Page:Works of William Blake; poetic, symbolic, and critical (1893) Volume 2.djvu/175

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And this Angel threw off his 'obedience, for he said that error must always be; but error and forgiveness, the two joys, bodily and mental, were the contraries that led to life, while restraint and rule cripple life and lead to the only hypocrisy. The very preachers of abstinence did not abstain from what they themselves enjoyed, — namely, feeding on the substance of the innocent, — fat of lambs, — and using the semblance of sympathetic virtues, generosity and pity, for an unrestrained and unvirtuous energizing of their nature, which was the nature of centred personality not of brotherhood ; till the really generous, who could not gain access to their energies by hypocrisy, but only by the path of sin, or bodily conscious- ness and forgiveness, with the mental harvest reaped from it, were shut out from the path through the grave to eternity, through experience to thought.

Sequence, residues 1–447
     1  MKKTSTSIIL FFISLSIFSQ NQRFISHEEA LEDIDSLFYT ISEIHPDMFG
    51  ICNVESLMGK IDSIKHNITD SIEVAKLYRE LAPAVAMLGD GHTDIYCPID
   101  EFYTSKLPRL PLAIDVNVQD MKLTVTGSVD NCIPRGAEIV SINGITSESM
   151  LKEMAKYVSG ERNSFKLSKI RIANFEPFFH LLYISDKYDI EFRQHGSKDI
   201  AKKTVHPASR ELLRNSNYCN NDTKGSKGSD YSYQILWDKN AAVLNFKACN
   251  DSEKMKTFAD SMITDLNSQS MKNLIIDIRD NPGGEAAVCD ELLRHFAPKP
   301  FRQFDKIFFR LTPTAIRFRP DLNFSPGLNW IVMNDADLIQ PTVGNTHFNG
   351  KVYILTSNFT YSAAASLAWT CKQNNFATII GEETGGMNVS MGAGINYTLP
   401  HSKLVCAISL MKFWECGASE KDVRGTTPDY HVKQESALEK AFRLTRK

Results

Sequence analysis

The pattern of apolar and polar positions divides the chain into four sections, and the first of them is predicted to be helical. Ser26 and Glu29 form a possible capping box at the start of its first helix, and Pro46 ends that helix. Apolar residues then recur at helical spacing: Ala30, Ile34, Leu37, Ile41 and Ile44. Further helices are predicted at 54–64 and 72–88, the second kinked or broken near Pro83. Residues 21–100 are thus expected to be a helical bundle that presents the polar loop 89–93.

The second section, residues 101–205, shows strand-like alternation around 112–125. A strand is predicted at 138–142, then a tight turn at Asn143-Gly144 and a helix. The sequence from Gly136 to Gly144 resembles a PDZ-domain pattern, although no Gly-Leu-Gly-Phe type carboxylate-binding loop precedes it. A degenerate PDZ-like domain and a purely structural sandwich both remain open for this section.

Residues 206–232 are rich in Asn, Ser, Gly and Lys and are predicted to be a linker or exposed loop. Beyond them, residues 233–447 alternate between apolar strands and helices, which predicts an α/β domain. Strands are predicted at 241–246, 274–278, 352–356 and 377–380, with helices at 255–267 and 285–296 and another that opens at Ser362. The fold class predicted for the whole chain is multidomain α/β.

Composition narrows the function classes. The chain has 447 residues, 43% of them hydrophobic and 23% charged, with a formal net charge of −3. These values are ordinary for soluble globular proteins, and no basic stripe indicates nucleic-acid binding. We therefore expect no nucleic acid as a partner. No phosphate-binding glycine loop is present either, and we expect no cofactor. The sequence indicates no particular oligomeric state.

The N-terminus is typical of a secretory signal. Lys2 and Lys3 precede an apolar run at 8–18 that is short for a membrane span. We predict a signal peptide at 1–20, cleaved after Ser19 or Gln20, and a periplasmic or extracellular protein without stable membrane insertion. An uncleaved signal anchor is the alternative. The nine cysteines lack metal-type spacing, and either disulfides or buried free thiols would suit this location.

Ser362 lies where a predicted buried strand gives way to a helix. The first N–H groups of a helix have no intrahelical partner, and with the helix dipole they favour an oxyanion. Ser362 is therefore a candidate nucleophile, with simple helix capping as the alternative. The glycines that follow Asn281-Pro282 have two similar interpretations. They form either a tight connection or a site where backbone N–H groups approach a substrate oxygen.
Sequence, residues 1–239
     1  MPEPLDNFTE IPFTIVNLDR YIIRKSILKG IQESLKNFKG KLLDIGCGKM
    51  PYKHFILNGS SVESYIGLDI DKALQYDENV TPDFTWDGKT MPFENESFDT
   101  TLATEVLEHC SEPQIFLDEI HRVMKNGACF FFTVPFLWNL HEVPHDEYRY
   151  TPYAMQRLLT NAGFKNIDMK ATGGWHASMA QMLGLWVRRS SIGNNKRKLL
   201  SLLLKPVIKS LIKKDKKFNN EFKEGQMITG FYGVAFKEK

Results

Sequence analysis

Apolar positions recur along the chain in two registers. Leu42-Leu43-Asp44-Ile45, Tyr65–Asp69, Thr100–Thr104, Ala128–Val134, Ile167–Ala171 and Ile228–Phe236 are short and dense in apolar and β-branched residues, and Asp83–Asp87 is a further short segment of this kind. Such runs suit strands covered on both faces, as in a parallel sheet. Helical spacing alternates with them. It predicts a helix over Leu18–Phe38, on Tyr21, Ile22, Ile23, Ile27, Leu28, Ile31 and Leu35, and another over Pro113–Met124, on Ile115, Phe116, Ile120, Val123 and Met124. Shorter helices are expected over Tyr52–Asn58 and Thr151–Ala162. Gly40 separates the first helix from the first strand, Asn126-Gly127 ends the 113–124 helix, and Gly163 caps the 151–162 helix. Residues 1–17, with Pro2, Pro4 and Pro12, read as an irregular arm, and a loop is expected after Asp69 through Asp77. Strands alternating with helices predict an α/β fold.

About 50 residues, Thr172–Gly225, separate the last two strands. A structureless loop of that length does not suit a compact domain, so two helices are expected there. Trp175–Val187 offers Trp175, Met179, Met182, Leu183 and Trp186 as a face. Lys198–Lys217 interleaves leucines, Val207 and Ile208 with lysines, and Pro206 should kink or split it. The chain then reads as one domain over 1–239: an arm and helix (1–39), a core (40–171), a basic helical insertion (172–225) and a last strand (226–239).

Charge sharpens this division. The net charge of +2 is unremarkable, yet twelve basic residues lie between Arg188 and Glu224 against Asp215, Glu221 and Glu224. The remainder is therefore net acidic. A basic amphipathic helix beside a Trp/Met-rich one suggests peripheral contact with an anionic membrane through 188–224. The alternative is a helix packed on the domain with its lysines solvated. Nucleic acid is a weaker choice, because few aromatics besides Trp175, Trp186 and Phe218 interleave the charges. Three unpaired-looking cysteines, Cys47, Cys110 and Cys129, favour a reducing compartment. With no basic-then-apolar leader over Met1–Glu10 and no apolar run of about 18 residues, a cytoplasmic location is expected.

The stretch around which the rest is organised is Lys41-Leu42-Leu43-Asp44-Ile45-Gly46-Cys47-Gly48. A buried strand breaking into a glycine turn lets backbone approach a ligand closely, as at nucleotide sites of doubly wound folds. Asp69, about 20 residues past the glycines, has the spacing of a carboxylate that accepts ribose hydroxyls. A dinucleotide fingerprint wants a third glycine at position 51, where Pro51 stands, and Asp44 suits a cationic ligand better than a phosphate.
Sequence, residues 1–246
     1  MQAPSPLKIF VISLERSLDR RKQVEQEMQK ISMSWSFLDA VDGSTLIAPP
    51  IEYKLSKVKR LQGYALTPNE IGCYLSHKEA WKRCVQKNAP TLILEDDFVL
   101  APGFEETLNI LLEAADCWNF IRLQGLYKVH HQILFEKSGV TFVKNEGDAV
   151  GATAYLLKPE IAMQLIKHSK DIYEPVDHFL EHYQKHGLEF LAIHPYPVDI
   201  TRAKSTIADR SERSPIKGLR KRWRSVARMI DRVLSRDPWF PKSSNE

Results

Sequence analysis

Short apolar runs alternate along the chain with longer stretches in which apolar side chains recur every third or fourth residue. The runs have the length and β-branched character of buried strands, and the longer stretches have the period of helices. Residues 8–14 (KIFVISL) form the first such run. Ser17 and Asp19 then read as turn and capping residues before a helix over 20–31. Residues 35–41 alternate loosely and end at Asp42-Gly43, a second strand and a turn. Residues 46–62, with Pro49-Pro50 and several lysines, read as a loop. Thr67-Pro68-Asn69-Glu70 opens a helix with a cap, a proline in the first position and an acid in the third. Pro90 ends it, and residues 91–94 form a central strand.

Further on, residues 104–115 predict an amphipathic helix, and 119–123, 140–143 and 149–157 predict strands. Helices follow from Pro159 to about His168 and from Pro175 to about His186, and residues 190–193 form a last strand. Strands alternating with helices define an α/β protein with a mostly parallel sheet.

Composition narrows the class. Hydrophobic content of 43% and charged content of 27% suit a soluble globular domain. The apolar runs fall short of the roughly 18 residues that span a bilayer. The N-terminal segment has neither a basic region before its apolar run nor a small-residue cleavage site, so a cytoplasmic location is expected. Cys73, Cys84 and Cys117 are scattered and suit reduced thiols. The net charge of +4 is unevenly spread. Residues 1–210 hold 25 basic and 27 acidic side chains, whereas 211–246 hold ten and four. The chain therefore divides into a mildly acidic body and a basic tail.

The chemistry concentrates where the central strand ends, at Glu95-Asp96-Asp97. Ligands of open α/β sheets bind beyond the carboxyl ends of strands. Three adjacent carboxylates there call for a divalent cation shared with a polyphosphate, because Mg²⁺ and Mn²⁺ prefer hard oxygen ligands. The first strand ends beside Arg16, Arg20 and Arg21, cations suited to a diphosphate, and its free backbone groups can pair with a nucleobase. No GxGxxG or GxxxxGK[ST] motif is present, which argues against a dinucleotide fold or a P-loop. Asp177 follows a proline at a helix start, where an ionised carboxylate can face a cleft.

Then they all rent off their garments of dogma and threw down their sceptres of law and went naked but for flames; that is, embodied only in their enthusiasm. Thus these powers passed over America, the West, still symbolic of the region of instinctive life.

In the bodily darkness of that place the divine imaginative powers that bad refused the laws of reason, Washington and the leaders of revolt, stood, and the flames enwrapped their region from north, or its bodily sensations to south, or its mental existence.

And not only had the Angels ceased to obey ; the demons that Albion sent to restore obedience by punishments ceased to punish. They appear as governors of states in the story, and they join the rebels.

In that region they could not bear their own nature or the chains of the mind that bound them. They rushed to the sea, the western waters, the most instinctive part of the instinctive region, and there fell down before the strongest of those imaginative powers in the folds of whose garment innocence had lately sheltered itself from destruction by the tyranny of reason.

VOL. II. 11